The state asked that Luckey be held without bond, and District Court Judge LaTina B. Greene agreed, finding that he may present a threat to public safety.

Greene cited the description of Torres’ killing contained in charging documents, based on police review of video footage, which she said appeared “disproportionate,” if the police narrative was accurate. Luckey, she said, opened fire and shot Torres six times, despite people standing next to him and behind him.

Court documents from police noted Luckey didn’t retreat, as required in Maryland, prior to opening fire on Torres. Video described by police showed that Torres threw a brick at the security guard but missed; Luckey then fatally shot him.

He is scheduled for a preliminary hearing Jan. 3 on charges stemming from Torres’ death. A courts website shows he is charged with first- and second-degree murder, first- and second-degree assault, reckless endangerment and firearms charges.

Luckey was represented at the hearing by a public defender; no attorney is listed for him in online court records. Kati-Jane Childs, from the Office of the Public Defender, said Wednesday that Luckey was a lifelong Maryland resident who served 14 years in the military, including two deployments, and had some college credits. She said he planned to fight the charges going forward with private counsel.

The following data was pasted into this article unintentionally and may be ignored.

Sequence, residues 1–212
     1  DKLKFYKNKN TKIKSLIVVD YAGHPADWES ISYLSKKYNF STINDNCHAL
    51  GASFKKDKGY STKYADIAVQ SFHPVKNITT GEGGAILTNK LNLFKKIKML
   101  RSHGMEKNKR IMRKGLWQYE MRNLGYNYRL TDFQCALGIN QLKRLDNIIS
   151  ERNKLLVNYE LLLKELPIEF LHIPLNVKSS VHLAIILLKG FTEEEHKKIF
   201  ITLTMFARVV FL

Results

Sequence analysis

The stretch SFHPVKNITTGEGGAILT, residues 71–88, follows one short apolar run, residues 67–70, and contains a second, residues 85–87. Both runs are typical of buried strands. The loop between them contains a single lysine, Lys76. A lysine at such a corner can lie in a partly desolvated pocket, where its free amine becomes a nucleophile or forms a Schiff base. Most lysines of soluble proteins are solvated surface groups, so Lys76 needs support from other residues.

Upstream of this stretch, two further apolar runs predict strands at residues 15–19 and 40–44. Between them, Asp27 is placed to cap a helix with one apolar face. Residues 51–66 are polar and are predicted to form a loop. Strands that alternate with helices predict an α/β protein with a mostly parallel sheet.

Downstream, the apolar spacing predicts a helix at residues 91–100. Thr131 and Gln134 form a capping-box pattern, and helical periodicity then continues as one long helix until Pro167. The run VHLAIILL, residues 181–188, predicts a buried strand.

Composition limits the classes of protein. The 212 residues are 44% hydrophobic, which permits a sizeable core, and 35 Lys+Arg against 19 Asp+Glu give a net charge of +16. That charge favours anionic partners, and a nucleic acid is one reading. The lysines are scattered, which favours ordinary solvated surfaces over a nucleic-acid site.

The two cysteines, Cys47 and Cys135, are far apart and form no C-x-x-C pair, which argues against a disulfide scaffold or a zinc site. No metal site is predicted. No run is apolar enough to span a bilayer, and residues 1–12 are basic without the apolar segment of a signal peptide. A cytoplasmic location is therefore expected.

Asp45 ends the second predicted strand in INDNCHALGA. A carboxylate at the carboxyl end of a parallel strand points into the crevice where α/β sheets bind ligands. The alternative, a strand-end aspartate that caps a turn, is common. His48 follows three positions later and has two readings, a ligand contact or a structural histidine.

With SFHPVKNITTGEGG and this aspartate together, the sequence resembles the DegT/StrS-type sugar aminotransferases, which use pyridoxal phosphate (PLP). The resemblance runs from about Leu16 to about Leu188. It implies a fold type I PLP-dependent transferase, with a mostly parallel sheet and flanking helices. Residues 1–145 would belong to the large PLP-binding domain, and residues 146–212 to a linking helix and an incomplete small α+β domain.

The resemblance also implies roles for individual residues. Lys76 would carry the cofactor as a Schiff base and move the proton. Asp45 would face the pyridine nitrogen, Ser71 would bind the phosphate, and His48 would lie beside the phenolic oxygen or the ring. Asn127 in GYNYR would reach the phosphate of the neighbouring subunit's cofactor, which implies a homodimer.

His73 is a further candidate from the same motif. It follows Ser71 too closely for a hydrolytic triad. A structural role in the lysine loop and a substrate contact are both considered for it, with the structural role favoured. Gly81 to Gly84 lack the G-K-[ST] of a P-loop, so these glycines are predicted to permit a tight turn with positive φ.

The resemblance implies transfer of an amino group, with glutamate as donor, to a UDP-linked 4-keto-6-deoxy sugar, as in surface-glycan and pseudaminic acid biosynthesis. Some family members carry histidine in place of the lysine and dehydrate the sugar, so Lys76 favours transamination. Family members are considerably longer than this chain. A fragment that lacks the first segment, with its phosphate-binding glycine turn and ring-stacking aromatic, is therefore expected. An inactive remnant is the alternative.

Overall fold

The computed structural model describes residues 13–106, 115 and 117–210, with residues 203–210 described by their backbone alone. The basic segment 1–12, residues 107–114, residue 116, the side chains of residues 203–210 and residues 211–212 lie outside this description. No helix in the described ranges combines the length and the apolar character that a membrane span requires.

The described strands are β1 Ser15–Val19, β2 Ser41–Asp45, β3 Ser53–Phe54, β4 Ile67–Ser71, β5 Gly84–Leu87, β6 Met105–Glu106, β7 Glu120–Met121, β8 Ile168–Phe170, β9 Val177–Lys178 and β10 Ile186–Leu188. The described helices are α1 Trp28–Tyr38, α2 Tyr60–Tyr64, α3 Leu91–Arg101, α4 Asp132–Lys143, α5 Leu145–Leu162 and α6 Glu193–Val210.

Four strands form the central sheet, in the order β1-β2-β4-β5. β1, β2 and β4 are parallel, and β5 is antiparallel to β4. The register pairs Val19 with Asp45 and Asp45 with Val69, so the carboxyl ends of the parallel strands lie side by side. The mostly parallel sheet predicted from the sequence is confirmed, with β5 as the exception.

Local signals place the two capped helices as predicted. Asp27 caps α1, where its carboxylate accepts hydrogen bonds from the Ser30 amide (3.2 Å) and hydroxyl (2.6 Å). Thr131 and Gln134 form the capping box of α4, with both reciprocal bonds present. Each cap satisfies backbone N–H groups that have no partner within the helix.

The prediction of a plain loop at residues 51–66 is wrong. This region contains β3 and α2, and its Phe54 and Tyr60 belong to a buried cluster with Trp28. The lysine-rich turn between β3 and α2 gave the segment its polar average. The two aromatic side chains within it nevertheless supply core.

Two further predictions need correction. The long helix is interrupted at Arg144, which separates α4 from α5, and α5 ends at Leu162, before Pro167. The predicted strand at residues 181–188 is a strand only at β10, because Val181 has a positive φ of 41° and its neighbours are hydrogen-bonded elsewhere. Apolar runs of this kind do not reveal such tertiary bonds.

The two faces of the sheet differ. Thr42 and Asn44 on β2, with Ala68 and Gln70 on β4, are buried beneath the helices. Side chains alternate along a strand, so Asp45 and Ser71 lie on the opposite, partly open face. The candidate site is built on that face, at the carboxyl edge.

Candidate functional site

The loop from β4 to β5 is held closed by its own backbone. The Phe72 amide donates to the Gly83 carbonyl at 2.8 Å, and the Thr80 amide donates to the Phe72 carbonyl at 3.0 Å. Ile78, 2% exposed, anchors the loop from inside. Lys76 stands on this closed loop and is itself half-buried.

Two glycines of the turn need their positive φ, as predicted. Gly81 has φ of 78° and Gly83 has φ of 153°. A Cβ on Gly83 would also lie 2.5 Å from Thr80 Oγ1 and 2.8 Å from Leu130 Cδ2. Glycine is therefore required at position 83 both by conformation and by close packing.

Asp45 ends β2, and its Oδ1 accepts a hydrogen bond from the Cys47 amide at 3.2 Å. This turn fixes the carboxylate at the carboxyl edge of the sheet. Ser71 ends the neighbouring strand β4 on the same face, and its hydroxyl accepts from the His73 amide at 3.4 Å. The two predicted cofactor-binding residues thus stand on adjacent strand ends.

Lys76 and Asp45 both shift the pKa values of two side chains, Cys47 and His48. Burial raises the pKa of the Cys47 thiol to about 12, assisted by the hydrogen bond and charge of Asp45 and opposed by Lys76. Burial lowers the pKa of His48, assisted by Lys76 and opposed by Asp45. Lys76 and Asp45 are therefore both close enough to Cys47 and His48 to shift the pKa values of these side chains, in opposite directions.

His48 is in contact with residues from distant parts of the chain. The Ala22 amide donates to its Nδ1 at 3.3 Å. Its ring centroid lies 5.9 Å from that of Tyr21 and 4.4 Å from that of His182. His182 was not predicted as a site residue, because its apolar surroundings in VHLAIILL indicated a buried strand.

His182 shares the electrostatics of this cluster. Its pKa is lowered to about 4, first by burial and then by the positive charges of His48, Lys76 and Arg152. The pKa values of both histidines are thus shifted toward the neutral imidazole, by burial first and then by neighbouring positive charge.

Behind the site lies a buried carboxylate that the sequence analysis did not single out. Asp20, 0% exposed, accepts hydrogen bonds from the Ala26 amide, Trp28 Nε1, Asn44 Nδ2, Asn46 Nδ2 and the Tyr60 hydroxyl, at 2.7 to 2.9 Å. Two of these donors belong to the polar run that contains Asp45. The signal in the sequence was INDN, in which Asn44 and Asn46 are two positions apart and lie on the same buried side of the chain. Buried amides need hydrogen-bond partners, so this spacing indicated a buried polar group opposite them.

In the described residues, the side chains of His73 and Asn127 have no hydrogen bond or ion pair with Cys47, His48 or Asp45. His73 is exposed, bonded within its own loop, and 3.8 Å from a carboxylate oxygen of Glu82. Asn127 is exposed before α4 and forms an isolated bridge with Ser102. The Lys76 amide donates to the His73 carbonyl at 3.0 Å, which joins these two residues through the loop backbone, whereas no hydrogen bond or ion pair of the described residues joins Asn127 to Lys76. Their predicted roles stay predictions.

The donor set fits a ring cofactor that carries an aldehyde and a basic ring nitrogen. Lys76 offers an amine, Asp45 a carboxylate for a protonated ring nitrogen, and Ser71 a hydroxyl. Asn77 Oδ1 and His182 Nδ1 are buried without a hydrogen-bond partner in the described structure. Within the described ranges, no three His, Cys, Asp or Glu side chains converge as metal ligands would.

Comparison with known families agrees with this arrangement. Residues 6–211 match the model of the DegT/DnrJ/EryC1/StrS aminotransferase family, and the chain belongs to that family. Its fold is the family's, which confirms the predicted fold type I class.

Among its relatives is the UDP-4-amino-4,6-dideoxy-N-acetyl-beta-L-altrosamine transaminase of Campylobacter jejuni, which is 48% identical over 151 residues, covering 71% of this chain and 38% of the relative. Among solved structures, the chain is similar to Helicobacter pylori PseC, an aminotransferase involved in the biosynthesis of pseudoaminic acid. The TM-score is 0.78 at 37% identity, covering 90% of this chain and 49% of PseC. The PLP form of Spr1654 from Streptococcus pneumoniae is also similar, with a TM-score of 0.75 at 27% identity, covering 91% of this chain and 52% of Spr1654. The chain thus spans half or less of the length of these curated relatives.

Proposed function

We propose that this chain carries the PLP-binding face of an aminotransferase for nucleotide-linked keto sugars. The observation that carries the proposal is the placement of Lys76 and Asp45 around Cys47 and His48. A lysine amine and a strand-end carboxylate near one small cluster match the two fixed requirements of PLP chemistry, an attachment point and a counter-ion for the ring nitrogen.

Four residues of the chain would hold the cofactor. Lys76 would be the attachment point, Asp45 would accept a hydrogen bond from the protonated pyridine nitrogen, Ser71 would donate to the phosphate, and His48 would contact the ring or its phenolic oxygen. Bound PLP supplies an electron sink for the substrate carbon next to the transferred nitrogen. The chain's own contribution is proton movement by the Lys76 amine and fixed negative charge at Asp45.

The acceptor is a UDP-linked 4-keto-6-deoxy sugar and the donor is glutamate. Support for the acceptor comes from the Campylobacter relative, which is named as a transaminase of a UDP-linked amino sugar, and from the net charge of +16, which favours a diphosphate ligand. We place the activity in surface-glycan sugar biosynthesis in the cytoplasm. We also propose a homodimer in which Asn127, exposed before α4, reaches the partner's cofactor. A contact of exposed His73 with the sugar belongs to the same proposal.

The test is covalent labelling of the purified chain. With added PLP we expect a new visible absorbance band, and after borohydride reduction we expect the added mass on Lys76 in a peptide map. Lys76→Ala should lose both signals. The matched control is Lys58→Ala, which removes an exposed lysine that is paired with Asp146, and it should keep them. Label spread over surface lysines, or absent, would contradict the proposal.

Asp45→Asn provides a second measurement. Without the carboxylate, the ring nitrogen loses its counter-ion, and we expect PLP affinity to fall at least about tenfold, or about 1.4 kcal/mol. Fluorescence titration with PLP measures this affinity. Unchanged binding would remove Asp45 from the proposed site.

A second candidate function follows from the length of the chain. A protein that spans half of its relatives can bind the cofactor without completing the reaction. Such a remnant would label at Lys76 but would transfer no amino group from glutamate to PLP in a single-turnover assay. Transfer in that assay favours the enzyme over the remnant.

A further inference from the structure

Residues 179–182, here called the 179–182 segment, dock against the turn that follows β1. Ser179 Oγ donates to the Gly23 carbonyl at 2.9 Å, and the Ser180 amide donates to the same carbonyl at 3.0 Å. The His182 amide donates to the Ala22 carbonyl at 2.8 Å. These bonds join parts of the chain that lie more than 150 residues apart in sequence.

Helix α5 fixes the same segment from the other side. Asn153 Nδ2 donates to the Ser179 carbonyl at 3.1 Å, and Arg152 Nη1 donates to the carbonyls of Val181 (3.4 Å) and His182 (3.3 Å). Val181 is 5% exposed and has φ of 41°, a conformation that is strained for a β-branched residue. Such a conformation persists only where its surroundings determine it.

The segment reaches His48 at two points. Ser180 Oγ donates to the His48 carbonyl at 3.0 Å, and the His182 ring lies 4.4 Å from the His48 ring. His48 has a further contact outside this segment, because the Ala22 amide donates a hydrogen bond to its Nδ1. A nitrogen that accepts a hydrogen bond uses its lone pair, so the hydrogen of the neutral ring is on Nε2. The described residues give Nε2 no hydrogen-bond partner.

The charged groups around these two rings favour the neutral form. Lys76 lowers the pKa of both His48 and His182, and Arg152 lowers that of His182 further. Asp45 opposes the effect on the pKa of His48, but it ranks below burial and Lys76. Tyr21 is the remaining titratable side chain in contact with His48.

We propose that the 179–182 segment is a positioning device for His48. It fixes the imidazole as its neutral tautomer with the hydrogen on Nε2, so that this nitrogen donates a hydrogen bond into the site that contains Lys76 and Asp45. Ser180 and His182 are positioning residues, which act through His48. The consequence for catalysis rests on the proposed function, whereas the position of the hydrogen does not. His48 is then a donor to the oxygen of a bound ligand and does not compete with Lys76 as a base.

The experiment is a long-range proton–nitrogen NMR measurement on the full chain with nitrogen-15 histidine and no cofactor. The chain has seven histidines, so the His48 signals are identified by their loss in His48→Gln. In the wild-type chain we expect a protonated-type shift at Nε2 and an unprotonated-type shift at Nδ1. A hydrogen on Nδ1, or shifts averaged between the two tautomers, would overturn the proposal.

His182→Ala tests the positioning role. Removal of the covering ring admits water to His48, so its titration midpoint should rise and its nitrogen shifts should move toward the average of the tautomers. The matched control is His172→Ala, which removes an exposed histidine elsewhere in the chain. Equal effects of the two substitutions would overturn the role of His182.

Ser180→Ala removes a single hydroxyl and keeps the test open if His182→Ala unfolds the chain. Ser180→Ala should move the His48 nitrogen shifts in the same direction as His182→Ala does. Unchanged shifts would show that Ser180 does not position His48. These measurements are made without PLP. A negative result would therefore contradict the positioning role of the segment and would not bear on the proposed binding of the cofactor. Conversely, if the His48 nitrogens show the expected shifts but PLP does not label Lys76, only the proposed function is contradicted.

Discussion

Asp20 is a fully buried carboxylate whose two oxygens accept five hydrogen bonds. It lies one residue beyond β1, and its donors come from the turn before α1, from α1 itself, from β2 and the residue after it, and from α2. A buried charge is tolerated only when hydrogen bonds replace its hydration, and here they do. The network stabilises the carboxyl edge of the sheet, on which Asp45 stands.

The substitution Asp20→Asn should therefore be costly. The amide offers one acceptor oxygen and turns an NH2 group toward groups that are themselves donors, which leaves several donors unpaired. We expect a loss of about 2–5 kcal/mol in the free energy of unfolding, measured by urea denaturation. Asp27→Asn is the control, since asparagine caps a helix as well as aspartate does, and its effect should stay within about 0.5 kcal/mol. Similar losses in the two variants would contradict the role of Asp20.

Sor Torres, Kevin’s wife, told The Sun after the hearing it felt “finally” like a step toward justice, a month after her husband’s Nov. 7 killing.

She said she was married to Torres for nine years before his death and, through tears, said that the past four weeks have been “horrible, painful, awful.”

“It’s been long days,” Torres said. “We [will] keep going with marches, waiting for justice.”

A prosecutor said at Wednesday’s court hearing that Luckey is scheduled for trial on the assault charge in mid-December. In that case, Luckey is accused of beating a man with a baton, leaving him with a broken finger and bruises. Another man was shoved to the ground during the incident, slashing his hand on broken glass.

Records show Luckey is a co-owner of American Professional Security. His Baltimore County home is listed as the company’s headquarters.

Luckey also applied for criminal charges against a shopper at a supermarket in North Baltimore’s Glen Oaks on Feb. 21, 2021, saying in an application for charges that the woman was not wearing a mask despite a state emergency order requiring face coverings in public to mitigate the spread of the coronavirus.

The security guard wrote that the woman became belligerent when he repeatedly asked her to leave or put on a mask. At one point, Luckey wrote, she called him a “rent-a-cop” and he eventually “attempted to put her in an armbar.”

His criminal summons charged the woman with second-degree assault. City prosecutors indefinitely postponed her charges.


© 2022 Baltimore Sun